“When Charlotte was in the 9th grade, my husband and I divorced. He was unwilling to help with her private education, so the SB10 scholarship literally saved my child. I am a teacher and my income was not enough to keep her in a private school. She was able to stay at Brookwood Christian School only because of the SB10 Scholarship. I knew fighting to keep her at Brookwood was worth all the hardships when she began reading books for pleasure. Now she is excelling at Kennesaw State University and has a 3.52 GPA.


“I fell into teaching because my child needed me, and as a teacher of students with learning disabilities, I have seen how the SB10 has changed lives. There are many success stories to hear. There could be many more. I have seen students that want to attend Brookwood Christian be unable to because their families were unable to pay the tuition. Many of these students had a 504. Many returned to the public school system in an attempt to obtain an IEP.  Some were successful at gaining an IEP and were able to enter Brookwood Christian. I have seen several who were unable to obtain an IEP. I remember one such student who dropped out of school. I fear for him. He has fallen between the cracks.


“I ask that you please expand this program to include all children with disabilities; be a part of the success stories. 


“I appreciate your time. Thank you.”

~Noelle Pearson

And THANK YOU Ms. Noelle, for taking the time to advocate for our students and other special needs students!

You can also read Mellie’s Story in our 2018-2019 Annual Report, and Blake’s Story in our 2017-2018 Annual Report, both are compelling, and the statistics for students who do not get appropriate reading instruction are grim, and outlined in the Progress Reports in both stories. You can also see the statistics regarding the success of our programs HERE.

Get to Know Families Impacted by Georgia’s Special Needs Scholarship.

#SayDyslexia #UntilEveryoneCanRead #1in5

Noelle Smith, Teacher, Brookwood Christian School.

Senate Bill 386 to Improve SB10 Scholarship

Senator Renee S. Unterman – R (45th District) has filed a bill that would improve SB10 (Georgia Special Needs Scholarship):

  • making it easier for families to enter the program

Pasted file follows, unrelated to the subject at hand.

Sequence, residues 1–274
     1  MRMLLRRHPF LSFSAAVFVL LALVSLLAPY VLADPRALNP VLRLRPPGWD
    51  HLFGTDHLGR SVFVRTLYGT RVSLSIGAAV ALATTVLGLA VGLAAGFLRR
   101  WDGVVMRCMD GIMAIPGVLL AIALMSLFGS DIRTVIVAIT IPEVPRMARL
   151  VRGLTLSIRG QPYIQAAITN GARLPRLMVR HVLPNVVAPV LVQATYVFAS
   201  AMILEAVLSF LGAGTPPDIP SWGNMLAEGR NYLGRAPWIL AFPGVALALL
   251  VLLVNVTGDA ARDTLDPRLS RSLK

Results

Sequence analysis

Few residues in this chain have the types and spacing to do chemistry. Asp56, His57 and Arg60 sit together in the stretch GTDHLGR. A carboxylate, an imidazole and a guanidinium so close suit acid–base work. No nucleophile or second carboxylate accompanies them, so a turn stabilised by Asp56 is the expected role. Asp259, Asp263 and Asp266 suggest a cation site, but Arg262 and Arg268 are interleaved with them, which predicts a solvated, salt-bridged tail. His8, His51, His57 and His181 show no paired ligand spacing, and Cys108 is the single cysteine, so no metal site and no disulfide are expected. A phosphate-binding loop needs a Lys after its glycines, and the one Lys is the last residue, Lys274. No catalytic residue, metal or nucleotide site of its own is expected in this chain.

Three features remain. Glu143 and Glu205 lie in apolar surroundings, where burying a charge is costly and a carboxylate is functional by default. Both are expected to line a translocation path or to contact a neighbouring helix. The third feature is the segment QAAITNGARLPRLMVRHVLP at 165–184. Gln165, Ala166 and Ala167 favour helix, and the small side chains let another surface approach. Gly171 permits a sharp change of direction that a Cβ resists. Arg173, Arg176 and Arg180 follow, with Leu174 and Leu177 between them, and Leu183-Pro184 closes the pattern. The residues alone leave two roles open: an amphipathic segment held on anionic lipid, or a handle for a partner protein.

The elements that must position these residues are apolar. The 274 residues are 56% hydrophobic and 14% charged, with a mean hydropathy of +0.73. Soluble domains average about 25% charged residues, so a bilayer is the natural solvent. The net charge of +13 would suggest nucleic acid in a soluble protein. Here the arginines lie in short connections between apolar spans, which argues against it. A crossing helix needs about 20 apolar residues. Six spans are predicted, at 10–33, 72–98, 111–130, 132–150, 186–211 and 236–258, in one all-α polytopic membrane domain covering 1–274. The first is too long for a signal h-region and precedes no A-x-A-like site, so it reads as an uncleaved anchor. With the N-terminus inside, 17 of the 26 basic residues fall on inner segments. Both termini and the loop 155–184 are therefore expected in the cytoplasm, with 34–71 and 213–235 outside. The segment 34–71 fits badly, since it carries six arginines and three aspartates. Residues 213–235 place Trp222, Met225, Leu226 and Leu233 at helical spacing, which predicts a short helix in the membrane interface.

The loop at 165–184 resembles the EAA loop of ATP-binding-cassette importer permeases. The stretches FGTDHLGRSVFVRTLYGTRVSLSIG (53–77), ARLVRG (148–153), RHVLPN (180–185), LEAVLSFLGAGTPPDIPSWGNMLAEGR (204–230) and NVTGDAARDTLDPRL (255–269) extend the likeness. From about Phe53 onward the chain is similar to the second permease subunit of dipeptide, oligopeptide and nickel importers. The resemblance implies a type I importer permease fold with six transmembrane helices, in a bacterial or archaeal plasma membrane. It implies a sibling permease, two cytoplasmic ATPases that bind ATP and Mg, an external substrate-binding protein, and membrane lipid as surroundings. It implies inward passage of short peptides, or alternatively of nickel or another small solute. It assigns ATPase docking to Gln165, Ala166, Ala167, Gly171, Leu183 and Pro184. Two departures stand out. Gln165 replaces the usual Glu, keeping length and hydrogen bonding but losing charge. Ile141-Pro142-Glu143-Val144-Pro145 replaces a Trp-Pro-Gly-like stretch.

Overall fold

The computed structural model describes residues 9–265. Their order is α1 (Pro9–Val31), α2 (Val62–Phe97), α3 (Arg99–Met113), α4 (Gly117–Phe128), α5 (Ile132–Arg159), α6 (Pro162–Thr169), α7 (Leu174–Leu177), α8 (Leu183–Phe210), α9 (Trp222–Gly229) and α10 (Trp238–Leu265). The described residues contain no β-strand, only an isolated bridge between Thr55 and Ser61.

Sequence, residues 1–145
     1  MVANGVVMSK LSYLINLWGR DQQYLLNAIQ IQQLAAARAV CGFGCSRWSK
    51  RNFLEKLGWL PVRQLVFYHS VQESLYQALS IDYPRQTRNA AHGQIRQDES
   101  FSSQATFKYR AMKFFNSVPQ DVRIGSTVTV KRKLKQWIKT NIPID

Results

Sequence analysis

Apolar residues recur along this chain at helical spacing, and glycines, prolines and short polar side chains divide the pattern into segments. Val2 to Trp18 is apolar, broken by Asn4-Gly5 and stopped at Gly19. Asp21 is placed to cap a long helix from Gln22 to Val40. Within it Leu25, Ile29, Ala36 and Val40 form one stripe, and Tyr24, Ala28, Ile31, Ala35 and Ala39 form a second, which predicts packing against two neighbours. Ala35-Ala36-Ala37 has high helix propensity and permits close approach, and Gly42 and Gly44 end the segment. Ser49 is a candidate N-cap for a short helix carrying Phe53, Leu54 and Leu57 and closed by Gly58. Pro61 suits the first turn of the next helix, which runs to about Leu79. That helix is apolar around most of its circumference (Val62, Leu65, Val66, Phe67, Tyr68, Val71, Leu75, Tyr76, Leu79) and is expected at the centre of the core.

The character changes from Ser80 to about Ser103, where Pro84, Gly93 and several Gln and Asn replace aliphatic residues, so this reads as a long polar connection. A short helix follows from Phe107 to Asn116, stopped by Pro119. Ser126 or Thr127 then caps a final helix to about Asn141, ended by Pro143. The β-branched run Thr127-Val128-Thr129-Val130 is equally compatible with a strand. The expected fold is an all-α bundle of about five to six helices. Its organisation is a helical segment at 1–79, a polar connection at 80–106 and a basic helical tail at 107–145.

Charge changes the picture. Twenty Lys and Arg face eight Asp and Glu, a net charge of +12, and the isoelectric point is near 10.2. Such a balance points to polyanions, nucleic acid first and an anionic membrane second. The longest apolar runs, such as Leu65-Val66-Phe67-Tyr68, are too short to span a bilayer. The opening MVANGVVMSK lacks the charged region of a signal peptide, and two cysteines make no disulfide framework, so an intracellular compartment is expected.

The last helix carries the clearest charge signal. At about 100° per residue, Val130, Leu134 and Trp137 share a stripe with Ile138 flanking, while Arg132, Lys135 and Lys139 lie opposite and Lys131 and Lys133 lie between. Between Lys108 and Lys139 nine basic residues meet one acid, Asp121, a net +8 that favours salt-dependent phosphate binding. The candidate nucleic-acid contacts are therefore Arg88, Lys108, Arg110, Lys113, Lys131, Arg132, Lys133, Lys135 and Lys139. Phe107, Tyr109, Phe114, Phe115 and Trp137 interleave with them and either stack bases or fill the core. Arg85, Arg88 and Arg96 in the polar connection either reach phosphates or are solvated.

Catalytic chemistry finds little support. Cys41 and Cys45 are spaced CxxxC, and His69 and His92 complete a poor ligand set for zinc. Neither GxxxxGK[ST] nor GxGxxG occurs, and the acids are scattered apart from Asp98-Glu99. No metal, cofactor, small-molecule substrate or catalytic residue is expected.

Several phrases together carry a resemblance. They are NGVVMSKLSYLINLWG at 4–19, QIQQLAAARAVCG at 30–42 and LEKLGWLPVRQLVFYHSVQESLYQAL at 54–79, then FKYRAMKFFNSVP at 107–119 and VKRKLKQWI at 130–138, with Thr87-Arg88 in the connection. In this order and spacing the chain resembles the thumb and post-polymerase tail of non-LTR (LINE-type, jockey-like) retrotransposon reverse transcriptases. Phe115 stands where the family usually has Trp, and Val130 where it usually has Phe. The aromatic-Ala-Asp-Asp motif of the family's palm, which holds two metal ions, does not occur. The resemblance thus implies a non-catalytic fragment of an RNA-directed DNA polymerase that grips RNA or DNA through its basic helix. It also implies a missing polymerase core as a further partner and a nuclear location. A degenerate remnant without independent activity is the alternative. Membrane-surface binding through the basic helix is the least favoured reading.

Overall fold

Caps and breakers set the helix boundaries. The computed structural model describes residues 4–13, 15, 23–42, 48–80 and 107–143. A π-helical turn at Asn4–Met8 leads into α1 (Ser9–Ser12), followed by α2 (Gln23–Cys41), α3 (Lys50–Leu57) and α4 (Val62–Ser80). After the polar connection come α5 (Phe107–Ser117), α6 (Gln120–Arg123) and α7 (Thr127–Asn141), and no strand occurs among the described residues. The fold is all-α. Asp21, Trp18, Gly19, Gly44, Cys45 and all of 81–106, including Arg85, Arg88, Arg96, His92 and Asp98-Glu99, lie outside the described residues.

• allowing students with 504 plans to be eligible, 
    • moving the one year requirement back to special needs pre-school,
    • creating a waiver for students adopted from foster care, and

  • would also make it easier for families already in the program
    • would base scholarship on most recent IEP–instead of Oct,
    • would give parents an appeal process, and 
    • would allow students who leave the program to enter back into it without having to repeat the one year!

This would ensure the Georgia Special Needs Scholarship reaches more eligible students by raising awareness for families, cutting red tape, and lowering barriers that frustrate efforts to enroll.

Ms. Noelle will be going to the capitol TOMORROW to tell her story about her daughter, Charlotte, as it will be addressed in committee. We will keep you updated as we learn more.

Many of our families at Brookwood Christian rely on this scholarship to ensure their child receives the services they need, as dyslexia, and many other language processing concerns, are not adequately addressed, if at all, in public school. 

Please CONTACT YOUR SENATOR and ask them to support SB 386 so that all Georgia students with special needs have access to a school where they can thrive, and tell them your story if it applies! 

You can read Mellie’s Story in our 2018-2019 Annual Report, and Blake’s Story in our 2017-2018 Annual Report, both are compelling, and the statistics for students who do not get appropriate reading instruction are grim, and outlined in the Progress Reports in both stories. You can also see the statistics regarding the success of our programs HERE.

Get to Know Families Impacted by Georgia’s Special Needs Scholarship.

If you have any questions, feel free to email Ms. Kim for clarification.

Dyslexia Day at the Capitol Update

Update from the Capitol yesterday:

♦ There seems to be a lot of bipartisan support for SB48, which will mandate screening for all Georgia students Pre-K – 2nd grade. This will help dyslexic students get identified sooner so that intervention can begin sooner, which will increase the chance of a child achieving full reading potential sooner.